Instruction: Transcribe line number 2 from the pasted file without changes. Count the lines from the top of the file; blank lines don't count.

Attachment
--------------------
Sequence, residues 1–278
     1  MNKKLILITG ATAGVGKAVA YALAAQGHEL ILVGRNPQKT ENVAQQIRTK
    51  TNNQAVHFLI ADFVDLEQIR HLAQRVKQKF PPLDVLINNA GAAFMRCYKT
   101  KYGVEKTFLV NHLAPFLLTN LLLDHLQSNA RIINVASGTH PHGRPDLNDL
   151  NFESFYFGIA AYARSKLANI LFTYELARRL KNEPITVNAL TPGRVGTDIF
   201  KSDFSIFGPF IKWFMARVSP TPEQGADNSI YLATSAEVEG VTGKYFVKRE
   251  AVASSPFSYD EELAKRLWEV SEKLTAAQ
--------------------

     1  MNKKLILITG ATAGVGKAVA YALAAQGHEL ILVGRNPQKT ENVAQQIRTK